Thursday, January 28, 2010

I've joined the mainstream media!

Well, sort of. For the next few weeks/months, I will be co-authoring a weekly short column in the Vancouver newspaper Metro News with Kai Chan, assistant professor at the UBC Institute for Resources, Environment, and Sustainability (IRES). The topic of the series will be addressing common climate change skeptic arguments.

The first column was published January 11.

Unfortunately, they didn't run the diagram we had prepared (click for full-size version):

Credit goes to Michael Tobis over at Only In It For the Gold for the original concept.

Wednesday, January 27, 2010

Calculate your lifetime displacement index

And now for something on the lighter side:

1. Subtract the most southerly latitude you've visited from the most northerly latitude you've visited (flying over it doesn't count!). Retain the negative sign for southerly latitudes.

2. Subtract the most westerly (i.e., the most negative) longitude from the most easterly longitude you've visited. Retain the negative sign on west longitudes.

3. Subtract the most negative altitude (below sea level, if necessary) from the most positive altitude you've visited. Divide by 10.

4. Add 1, 2, and 3 together.

5. As an alternate fun exercise, instead of subtracting each point, average them instead (this time, add instead of subtract so that the negatives offset the positives), and find out where the resulting point (latitude, longitude, altitude) puts you on the earth. (This website will do it for you)

My results:
1. Most southerly latitude: -43 (Bruny Island, Tasmania)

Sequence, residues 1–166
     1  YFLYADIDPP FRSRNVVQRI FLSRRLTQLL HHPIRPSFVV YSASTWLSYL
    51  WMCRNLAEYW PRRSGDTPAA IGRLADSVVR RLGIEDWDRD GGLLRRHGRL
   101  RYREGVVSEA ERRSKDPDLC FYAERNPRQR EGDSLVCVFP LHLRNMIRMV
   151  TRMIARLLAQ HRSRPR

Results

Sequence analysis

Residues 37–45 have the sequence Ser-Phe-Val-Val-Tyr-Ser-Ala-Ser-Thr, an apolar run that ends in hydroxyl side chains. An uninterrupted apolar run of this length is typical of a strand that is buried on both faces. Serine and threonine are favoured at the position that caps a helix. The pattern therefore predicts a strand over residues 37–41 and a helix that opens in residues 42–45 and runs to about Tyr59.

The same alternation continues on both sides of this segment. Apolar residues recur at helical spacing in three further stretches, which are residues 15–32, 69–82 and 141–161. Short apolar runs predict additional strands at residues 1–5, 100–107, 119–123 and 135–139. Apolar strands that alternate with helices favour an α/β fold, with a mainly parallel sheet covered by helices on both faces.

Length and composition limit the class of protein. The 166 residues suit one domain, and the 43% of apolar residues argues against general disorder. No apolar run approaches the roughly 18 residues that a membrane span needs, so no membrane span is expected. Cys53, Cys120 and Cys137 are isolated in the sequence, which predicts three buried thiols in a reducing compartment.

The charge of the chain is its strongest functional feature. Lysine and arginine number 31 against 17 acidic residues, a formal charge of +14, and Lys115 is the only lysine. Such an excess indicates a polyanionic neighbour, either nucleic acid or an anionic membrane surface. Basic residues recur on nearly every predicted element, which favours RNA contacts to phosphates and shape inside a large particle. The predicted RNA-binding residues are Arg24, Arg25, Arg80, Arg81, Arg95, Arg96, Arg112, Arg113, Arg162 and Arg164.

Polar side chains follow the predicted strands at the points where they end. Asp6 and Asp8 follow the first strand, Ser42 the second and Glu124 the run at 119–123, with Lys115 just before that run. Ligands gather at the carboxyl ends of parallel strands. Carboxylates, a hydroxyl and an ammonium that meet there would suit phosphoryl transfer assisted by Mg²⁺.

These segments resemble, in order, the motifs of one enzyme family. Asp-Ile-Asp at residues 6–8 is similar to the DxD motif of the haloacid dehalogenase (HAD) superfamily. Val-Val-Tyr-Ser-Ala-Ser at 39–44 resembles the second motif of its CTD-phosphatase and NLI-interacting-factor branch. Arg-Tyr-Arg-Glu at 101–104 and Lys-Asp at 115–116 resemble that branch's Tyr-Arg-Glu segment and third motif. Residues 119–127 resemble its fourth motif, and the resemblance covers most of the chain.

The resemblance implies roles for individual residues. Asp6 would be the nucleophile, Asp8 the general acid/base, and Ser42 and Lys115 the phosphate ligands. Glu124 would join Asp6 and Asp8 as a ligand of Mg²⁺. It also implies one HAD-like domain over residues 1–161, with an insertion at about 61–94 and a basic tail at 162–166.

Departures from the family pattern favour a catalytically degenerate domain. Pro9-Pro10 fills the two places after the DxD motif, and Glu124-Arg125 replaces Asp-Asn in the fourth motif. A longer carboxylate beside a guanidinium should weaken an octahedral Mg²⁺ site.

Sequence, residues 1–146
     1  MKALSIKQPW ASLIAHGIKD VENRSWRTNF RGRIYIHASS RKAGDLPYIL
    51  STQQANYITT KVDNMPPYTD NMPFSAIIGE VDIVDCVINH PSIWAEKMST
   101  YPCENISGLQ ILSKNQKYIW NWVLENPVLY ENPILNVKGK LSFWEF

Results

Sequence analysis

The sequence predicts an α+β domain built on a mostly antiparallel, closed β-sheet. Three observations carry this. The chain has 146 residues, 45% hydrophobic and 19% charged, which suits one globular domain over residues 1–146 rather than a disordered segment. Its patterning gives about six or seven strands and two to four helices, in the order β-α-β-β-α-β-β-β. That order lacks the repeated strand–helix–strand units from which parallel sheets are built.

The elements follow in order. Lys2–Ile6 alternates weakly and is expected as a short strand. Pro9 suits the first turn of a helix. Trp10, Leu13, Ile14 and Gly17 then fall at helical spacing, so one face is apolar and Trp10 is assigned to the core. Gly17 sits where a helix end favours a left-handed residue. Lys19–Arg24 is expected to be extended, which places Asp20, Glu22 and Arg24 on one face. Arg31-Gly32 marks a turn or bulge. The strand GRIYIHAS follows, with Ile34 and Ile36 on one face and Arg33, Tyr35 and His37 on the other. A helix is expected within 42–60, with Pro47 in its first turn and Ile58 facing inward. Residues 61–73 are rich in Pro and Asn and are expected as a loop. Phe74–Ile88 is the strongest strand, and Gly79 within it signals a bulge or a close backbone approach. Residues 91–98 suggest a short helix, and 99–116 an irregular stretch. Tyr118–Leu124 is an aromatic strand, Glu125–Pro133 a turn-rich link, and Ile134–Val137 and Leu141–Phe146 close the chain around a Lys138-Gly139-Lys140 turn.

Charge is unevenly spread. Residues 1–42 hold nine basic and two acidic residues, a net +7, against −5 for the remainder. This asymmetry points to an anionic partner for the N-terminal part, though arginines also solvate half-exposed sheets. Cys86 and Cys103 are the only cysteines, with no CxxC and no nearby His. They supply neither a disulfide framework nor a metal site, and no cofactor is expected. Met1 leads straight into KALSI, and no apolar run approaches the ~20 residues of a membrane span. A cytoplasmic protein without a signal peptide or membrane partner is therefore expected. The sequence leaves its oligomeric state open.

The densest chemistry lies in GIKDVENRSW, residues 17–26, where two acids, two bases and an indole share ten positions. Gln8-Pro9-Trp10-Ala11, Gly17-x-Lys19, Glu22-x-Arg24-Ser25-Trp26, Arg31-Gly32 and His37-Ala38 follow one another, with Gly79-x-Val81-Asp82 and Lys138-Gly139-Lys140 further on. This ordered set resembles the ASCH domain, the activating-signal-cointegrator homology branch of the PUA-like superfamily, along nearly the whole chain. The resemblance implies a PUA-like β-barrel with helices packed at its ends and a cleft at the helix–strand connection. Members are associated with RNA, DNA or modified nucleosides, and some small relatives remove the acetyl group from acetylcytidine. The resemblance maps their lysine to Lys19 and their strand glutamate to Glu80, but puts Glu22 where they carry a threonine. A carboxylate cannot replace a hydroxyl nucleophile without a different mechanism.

Most northerly latitude: +64 (Ekati Diamond Mine, NWT)
64-(-43)= 107.
2. Most westerly longitude: -159 (Kauai, Hawaii)
Most easterly longitude: +153 (Brisbane, Queensland)
153-(-159)= 312.
3. Most negative altitude: -40m (Jewel Cave, Western Australia)
Most positive altitude: 2284m (Blackcomb Peak, British Columbia)
2284-(-40)= 2324/10=232
4. 107+312+232= 651

5. (64+[-43])/2=21 N
(153-[-159])/2=156 E
2284+(-40)/2=1122 m
(Somewhere in the West Pacific!)

Tuesday, January 19, 2010

The Australian's War on Science, continued

I've got the rare opportunity to scoop Tim Lambert on this one, so I'm shamelessly stealing his series title.

Yesterday, The Australian put the IPCC's Himalayan glacier error on its front page. Today, we are treated to a follow-up glacier story on page 5 (Climate panel to probe error on glacial melting), a story on the same page about Lord Monckton ("'High priest' of the skeptics lured to tour") that also mentions Ian Plimer (although they misspell his name as "Pilmer" - a shocking error coming from his biggest cheerleaders), and a truly mind-numbing editorial by Janet Albrechtsen ("Heated moments mar Monckton") which contains this gem:

"When Monckton talks aobut the science he is powerful. Watch on YouTube his kerb-side interview of a well-meaning Greenpeace follower on the streets of Copenhagen last month. With detailed data behind him, he asks whether she is aware that there has in fact been global cooling in the past nine years? No, she is not. Whether she has been aware that there has been virtually no change to the amount of sea ice? No, she does not. Whether, given her lack of knowledge about these facts, she is driven by faith, not facts. Yes, she is drive by faith, she says.

To those with an open mind, Monckton's fact-based questions demand answers from our political leaders."

There has been global cooling in the past nine years? Really?
There has been no change in sea ice? Really?

The rest of the editorial is filled with similar nonsense. She only mildly rebukes Monckton for name-calling, while accepting his "facts" with total credulity.

Are there any real journalists left at The Australian?

Wednesday, January 13, 2010

The Emperor finds your lack of faith disturbing . . .

This just in:
Pope Benedict XVI denounced the failure of world leaders to agree to a new climate change treaty in Copenhagen last month, saying that world peace depends on safeguarding God's creation.
Amazingly, the Catholic Church is now more "progressive" on two issues (evolution and climate change) than the majority of Americans. If that isn't a sign of the apocalypse, I don't know what is. Now maybe he can do something about the church's stance on birth control.